Fuadi Pitsuwan: [00:55:28] Yeah, I mean we have I have talked to Lennart about doing more more taylor product for each roaster because I think in Thailand in terms of farming structure, it’s very similar to Costa Rica, in the sence that every small farmer has their own wet mill, which means each roaster can be paired up with a single individual farmer. And that is unique to that person. The problem of that will be whether the roaster will be able to buy big enough volume, at least 10 bags in order to make it worth it for that sample to be sent to that roaster.
Jeroen Brugman: [00:56:11] Yeah. Well, even Moore. Yeah. Yeah.
Fuadi Pitsuwan: [00:56:14] Because sending sample at all to Europe. It could cost, you know, up to one hundred dollars to send. Yeah. And if which means if a roasted by less than two bags then we lose money because you know, as an exporter we make we make less than a dollar per kilo.So what would you mean in the 60s. Cagy bag. Our profit is about sixty dollars which means which mean cause of sending. Zambo is already already more expensive than that.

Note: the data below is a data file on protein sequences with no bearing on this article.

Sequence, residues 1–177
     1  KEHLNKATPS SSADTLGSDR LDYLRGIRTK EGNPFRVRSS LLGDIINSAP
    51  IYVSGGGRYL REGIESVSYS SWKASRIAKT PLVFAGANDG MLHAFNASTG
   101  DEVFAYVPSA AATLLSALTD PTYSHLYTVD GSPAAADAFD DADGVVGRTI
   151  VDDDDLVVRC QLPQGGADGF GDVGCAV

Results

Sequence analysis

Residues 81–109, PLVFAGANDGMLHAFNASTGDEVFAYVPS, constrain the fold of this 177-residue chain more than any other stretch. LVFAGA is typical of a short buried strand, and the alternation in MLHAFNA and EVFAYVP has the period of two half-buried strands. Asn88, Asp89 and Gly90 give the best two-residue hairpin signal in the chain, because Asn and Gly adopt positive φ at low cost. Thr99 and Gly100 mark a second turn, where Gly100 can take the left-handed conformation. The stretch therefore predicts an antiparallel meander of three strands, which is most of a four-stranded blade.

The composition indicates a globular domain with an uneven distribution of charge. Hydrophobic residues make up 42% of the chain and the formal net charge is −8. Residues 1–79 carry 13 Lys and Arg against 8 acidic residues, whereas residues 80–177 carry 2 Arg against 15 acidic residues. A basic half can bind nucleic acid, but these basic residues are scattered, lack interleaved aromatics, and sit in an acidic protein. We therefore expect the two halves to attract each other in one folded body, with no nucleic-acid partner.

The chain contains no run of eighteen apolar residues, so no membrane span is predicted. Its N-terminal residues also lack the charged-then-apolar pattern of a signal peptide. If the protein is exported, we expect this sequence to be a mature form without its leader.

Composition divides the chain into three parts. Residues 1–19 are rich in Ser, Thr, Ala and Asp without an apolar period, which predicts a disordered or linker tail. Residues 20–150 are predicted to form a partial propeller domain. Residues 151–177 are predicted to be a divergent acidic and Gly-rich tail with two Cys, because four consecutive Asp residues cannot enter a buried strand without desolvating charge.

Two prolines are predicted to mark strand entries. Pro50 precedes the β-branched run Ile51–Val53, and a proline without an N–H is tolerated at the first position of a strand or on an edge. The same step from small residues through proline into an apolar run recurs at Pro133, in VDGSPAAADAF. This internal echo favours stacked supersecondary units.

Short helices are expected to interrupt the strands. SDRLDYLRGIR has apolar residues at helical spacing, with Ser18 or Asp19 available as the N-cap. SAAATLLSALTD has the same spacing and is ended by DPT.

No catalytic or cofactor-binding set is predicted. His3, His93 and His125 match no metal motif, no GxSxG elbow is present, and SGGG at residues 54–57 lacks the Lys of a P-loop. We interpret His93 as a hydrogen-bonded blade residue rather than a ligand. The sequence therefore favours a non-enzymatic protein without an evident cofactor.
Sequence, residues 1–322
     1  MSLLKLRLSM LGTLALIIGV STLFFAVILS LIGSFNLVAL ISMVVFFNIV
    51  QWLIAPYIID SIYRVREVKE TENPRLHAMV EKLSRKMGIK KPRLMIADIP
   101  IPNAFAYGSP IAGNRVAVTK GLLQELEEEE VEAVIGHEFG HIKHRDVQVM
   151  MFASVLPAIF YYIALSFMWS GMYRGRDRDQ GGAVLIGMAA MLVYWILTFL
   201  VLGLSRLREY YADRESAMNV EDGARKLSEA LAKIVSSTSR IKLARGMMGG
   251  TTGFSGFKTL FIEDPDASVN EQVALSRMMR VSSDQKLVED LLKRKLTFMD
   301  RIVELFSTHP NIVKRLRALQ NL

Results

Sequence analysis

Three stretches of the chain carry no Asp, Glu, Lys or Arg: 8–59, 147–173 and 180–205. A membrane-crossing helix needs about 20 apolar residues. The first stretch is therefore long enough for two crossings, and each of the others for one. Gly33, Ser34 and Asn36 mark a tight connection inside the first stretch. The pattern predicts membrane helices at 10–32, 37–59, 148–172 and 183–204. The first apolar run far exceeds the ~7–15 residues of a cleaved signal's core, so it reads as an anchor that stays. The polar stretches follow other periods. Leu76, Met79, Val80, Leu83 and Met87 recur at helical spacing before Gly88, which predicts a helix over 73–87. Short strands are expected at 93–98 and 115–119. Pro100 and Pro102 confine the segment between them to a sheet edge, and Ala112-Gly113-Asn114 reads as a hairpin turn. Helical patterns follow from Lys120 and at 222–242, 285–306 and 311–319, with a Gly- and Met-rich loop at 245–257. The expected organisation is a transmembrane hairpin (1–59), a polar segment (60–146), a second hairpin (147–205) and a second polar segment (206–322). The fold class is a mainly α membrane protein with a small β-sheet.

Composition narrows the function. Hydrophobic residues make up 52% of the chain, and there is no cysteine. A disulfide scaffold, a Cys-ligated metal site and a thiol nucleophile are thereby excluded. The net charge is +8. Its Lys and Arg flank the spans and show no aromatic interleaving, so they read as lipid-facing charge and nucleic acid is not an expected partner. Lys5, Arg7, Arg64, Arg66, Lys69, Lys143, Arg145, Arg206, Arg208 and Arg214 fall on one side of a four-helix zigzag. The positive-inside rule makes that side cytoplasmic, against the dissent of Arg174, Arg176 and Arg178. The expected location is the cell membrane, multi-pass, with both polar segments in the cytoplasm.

Jeroen Brugman: [00:56:46] So this sounds like there’s a lot of constraints.
Fuadi Pitsuwan: [00:56:48] Yeah. It is constraints to move that route. But if, if the price point is high enough then it makes sense. And this year we think if if people buying coffee again, we we try to add value on on the bags actually because we we designed the bag so that it’s printed on both sides. Because I have seen our bag getting used to upcycle into jackets, into other things into face masks in the US. So we painted the back of the bag in with a.